I idly followed a link to a clickbait site the other day advertising “11 jokes only smart people will get!” The jokes in question all made reference to some kind of academic concept – an example being “Your mum is so mean, she has no standard deviation!” and you didn’t need to be that clever to get them. All jokes require a certain amount of intellect to understand, because they require you to make some kind of connection – between the two meanings of the words in a pun, for example – but a joke that requires too much analysis is generally not immediate enough to be funny. What the jokes required wasn’t cleverness, but awareness of the concepts. In the example above, you don’t actually need to know what a mean or a standard deviation is. You only need to know that they’re different. The point of the list was to make people with a certain level of education think that they belonged to the Tribe of the Smart People. No wonder I, with my pathetic desire to belong, clicked on it.**

There’s a slight insincerity in the way I characterise my family’s happy evening of, ahem, music-making: we aren’t always like that. Though we are excessively fond of one another, we are all volatile and argumentative, and we have known each other a very long time. We squabbled as children and we flounced and slammed doors as teenagers. I could try to characterise our adult relationship, but it might well start an argument. At an early age these people were my tribe, the city from which I feared to be banished. My worst experiences constituted exclusion from it, and my greatest desire was to rest within its collective embrace.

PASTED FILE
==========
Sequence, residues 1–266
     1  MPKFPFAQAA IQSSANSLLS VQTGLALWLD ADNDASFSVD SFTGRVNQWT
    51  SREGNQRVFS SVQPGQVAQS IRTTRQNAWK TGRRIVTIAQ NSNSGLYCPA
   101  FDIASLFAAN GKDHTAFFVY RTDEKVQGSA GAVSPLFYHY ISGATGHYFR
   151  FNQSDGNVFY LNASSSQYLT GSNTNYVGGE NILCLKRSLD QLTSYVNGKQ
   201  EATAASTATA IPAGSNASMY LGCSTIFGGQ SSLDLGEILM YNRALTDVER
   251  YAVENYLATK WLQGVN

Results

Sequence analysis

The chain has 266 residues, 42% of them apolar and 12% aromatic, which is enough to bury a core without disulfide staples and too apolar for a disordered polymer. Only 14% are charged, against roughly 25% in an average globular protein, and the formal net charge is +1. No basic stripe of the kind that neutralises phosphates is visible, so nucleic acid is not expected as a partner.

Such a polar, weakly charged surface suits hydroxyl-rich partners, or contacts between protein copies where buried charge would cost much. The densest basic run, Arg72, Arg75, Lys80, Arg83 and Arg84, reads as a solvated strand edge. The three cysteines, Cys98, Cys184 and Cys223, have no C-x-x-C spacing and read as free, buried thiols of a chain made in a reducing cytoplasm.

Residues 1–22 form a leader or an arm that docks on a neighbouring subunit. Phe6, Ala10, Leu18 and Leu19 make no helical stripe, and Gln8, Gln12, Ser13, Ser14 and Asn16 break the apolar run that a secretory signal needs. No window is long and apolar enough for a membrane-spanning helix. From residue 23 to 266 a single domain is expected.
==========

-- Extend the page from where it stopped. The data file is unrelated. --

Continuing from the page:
Like staged photos, shared jokes and favourite memories remind us, not of what a relationship is really like most of the time, but of what we would like it to be. Or, put more positively, they celebrate the best of it.


*English, I have heard, is very poor in kinship terms. All of my adult life I have wanted there to be a term which indicates “the children of your mother’s close friend when you were all children”. It is a more specific relationship than “friend”, which has become an increasingly baggy term in the Facebook age. I have invented “pseudo-sister” which works for me, but I don’t think anyone else uses it. Perhaps German has got one.

** I did rather like “Pavlov is in his lab when the phone rings. He says ‘Oh, damn, I forgot to feed the dog.'”